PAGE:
Winter fruits-- apples, bananas, pears are fine with me, but while they offer nourishment during the cold seasons, I can't say they cause my palate any excitement. It's summer's lush, ripe fruits that entice me far more. Summer fruits need little or no embellishment, though I think that cutting them up to reveal their colorful, glistening interiors and release their scent is more inviting than eating them whole. These past few summers I have enjoyed teaming two or three fruits whose colors and flavors synergize well.
You don't need quantities, but I give some only as a guideline. Once the fruit is washed and cut up (though obviously you need not cut berries, with the exception of strawberries, and not even those if they are small), it should be eaten right away.
Mango and blueberries: What a dramatic pairing of colors! Depending on how many people you're serving, combine 1 or 2 peeled, diced mangos (large chunks are fine) with 1 to 2 cups blueberries.
Strawberries and blueberries or blackberries: Hull about 1 pint sweet, ripe strawberries. Cut them in half and combine with 1 cup or so of blueberries or blackberries. Gorgeous!
Honeydew or cantaloupe and raspberries: The pretty red of raspberries adds a decorative punctuation to the pale green or orange of the melons. Cut up half of a large, lush honeydew or a whole cantaloupe into bite-sized chunks (or use some of each), and combine with about a cup of raspberries.
Peaches or nectarines and berries: If the fruit is perfectly ripe, this is heavenly. Use late-summer peaches or nectarines from a farmers market, not those that arrive at the supermarket as hard as stones. Use about 4 to 6 peaches or nectarines, pitted and diced, and a cup or two of whatever late summer berry you can find.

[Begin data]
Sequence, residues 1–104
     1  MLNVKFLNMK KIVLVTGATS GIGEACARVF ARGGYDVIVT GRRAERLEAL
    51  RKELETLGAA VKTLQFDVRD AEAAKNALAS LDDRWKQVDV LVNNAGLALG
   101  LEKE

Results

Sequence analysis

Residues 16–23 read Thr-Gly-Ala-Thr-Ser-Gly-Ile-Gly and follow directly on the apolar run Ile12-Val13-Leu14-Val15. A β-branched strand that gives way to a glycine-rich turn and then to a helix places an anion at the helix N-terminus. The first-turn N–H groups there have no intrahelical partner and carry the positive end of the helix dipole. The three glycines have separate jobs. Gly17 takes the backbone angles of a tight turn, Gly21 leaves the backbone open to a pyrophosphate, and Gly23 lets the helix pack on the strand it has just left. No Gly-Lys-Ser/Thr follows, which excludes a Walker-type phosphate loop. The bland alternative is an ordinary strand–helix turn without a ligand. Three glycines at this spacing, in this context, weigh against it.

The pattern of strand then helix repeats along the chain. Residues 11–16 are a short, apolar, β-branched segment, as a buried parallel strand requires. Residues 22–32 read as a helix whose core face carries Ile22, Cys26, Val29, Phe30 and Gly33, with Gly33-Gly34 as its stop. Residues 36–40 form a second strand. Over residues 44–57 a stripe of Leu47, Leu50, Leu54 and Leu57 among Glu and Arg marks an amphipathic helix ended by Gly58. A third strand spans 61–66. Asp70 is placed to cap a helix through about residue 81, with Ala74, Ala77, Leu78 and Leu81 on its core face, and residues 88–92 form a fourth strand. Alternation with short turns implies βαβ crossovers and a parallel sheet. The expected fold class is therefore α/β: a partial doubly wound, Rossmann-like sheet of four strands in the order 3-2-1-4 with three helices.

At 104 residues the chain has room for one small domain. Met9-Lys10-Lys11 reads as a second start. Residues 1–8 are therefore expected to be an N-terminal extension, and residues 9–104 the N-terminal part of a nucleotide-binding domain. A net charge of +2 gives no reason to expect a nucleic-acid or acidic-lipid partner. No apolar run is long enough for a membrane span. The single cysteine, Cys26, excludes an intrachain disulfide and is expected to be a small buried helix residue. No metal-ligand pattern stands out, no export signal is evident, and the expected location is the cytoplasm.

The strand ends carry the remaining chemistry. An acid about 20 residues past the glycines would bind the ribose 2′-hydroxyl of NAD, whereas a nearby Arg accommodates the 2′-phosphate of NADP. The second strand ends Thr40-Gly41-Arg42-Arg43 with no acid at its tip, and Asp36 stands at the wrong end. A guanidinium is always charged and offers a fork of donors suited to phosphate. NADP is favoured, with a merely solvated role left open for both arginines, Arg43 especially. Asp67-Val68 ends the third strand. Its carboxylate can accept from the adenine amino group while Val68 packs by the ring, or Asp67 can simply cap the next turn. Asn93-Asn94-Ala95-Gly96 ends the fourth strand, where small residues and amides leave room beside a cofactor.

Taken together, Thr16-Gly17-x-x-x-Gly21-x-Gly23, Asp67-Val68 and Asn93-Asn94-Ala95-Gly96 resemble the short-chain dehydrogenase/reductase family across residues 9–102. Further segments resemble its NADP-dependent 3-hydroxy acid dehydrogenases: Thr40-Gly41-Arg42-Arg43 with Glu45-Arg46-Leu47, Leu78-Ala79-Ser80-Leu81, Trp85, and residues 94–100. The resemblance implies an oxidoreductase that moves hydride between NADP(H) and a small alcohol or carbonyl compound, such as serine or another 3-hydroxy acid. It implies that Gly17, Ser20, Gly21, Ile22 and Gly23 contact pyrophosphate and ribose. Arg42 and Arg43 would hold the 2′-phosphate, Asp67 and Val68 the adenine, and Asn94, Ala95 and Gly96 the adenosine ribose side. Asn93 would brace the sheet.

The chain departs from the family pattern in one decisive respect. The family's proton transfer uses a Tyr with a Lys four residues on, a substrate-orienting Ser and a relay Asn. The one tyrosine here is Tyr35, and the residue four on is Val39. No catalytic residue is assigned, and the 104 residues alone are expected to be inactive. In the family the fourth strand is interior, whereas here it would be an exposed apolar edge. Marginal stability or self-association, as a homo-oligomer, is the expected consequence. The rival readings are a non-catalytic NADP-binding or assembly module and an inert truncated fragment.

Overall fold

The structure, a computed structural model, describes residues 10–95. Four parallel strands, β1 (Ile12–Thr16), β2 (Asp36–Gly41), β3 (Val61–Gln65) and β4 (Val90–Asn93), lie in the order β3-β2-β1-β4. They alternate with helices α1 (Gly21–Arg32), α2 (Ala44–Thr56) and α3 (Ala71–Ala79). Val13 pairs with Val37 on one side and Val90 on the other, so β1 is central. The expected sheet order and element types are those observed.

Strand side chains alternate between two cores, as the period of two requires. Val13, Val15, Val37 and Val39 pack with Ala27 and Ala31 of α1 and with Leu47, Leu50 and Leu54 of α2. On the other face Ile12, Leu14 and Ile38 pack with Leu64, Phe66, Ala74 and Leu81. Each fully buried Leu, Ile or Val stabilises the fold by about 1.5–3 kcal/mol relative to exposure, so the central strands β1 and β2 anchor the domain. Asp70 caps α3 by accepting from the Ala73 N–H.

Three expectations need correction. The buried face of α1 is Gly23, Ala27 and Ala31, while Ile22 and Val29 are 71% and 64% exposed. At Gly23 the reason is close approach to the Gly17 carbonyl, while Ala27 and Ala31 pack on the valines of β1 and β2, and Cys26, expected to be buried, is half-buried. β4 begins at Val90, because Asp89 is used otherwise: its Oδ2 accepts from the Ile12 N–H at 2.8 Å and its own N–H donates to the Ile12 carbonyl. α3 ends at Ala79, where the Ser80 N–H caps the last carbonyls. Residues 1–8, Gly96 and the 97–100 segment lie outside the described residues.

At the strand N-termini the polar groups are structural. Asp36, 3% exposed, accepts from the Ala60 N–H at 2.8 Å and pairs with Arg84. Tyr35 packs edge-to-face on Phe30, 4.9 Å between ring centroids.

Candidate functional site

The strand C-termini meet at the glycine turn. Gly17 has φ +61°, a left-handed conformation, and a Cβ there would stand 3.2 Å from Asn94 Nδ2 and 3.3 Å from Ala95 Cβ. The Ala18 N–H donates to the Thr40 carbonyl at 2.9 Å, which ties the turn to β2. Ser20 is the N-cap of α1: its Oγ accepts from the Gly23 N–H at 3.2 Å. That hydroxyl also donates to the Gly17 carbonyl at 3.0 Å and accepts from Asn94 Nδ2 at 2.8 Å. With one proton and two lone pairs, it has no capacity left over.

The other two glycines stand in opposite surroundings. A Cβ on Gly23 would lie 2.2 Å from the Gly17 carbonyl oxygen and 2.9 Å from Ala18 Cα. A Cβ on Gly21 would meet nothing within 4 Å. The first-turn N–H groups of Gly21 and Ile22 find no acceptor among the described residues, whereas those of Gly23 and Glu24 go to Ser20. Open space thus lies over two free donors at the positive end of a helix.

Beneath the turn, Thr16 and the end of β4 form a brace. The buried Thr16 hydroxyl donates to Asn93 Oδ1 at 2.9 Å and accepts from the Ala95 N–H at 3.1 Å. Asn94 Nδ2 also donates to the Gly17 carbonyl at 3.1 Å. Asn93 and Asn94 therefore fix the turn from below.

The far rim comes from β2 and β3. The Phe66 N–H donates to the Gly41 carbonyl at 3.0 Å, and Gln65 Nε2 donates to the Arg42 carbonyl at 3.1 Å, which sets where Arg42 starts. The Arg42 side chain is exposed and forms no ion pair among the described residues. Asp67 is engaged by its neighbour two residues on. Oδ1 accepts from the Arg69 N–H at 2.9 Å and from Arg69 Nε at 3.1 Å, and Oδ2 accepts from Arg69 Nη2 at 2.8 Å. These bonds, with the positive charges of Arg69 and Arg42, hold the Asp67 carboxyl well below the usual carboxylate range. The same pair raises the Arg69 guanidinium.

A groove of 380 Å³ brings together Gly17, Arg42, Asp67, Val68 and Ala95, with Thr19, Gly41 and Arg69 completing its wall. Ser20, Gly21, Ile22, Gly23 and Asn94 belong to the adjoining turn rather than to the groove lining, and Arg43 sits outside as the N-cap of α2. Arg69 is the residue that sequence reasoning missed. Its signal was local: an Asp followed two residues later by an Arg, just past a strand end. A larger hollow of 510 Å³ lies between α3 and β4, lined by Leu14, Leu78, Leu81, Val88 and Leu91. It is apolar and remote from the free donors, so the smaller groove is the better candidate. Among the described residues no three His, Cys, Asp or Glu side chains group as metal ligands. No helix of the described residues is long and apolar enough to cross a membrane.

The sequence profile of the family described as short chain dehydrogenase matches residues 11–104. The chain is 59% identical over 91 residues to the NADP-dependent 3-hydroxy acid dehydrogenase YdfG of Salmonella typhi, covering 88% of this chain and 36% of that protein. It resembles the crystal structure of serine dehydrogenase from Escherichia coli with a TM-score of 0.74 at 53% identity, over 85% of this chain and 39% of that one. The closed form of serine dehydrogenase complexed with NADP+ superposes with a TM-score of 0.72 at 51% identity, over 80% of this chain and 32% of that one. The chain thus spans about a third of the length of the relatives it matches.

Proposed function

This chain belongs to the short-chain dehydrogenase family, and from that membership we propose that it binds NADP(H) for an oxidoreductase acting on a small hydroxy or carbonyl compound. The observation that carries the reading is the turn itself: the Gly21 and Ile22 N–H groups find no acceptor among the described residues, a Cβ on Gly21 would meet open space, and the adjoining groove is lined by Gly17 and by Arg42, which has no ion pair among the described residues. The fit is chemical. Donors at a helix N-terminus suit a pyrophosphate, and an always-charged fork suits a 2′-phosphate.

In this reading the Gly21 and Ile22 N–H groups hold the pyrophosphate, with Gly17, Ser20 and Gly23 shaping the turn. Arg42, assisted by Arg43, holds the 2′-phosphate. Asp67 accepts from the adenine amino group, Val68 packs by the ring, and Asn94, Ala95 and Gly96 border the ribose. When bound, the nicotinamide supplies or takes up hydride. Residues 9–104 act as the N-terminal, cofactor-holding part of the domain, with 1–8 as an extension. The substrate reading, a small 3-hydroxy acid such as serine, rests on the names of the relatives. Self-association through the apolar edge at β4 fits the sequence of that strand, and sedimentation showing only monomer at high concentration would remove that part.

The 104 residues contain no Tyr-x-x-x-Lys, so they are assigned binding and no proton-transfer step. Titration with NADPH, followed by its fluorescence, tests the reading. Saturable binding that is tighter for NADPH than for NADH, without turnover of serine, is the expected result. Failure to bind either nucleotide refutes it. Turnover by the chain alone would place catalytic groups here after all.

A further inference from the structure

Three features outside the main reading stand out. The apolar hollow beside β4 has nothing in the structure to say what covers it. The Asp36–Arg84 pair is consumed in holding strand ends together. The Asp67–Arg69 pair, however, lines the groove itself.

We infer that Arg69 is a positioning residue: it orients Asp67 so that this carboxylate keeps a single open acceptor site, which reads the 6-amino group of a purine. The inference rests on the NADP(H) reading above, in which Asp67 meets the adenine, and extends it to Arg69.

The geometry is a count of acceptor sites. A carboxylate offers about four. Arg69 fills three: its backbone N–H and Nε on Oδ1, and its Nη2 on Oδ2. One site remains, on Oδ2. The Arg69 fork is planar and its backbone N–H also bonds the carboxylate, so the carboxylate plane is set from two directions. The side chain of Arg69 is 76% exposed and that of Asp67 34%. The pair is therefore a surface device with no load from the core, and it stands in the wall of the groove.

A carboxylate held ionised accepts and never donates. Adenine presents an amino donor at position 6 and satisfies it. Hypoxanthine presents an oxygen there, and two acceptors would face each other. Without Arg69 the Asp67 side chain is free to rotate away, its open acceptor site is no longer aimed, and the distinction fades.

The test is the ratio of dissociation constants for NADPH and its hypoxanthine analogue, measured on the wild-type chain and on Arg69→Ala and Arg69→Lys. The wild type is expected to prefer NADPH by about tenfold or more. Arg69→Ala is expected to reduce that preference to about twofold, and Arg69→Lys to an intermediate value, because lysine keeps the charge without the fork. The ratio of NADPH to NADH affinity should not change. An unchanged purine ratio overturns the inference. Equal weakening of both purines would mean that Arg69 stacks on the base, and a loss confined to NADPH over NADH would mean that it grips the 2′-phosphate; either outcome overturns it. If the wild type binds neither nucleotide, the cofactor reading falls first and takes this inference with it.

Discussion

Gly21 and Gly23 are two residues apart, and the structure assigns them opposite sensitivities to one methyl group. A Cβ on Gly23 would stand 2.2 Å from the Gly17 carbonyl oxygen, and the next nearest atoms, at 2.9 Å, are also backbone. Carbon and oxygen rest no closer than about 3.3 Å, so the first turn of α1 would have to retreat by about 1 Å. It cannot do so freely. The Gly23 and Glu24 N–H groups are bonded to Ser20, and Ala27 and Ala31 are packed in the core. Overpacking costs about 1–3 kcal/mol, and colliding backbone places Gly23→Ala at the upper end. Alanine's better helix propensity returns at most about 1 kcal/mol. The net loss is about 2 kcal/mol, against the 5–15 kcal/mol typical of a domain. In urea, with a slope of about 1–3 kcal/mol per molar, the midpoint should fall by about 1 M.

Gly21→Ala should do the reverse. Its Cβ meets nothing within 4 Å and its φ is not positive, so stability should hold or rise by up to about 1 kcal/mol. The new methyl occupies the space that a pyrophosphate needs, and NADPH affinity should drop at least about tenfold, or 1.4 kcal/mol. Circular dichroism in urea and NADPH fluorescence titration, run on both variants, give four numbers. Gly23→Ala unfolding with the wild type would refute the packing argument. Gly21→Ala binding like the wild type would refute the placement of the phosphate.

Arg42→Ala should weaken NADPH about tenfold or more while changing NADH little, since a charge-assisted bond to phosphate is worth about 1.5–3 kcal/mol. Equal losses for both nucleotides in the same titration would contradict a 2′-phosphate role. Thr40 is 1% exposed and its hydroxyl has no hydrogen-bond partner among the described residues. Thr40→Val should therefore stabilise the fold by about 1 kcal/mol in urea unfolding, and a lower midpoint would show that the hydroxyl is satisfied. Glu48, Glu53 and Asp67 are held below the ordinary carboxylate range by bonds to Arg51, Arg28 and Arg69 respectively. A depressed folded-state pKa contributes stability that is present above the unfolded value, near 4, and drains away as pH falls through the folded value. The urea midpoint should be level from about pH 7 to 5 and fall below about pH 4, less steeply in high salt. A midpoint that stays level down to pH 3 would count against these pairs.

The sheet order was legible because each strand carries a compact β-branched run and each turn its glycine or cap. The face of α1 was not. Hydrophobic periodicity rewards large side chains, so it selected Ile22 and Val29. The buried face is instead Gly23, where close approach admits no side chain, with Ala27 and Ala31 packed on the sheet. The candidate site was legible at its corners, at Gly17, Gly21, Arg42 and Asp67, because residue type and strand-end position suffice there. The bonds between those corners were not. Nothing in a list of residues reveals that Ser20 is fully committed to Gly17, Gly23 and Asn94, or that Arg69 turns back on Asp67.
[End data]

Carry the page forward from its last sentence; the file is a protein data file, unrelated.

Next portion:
Green plums, apricots, and red grapes: Have you ever seen green plums? No, they are not unripe, that's the color of some varieties. They are sweet, rather than tart as their color may suggest. Combine 2 or 3 pitted and diced green plums with 3 or 4 pitted and diced fresh apricots and a good-sized bunch of crisp red grapes, taken off their stems, of course.
Cantaloupe and black plums: Combine a lush cantaloupe, cut into bite-sized chunks, with a few of those wonderful black plums that have the deep, sweet red flesh.
Cantaloupe, watermelon, and blueberries: Here's a classic trio for midsummer. For ease, I like to use seedless watermelon. Use about half of a lush cantaloupe and a quarter of a good-sized watermelon, both cut into large, bite-sized chunks, and a cup or so of blueberries.
Yellow watermelon and berries: Try finding yellow watermelon-- it's becoming more prevalent. Its flavor is not that different from the more common type of watermelon, but its cheery color makes it even more appealing. Combine about a quarter of a large melon or half of a small one with a cup or two of whatever midsummer berry you'd like. This is attractive with blackberries.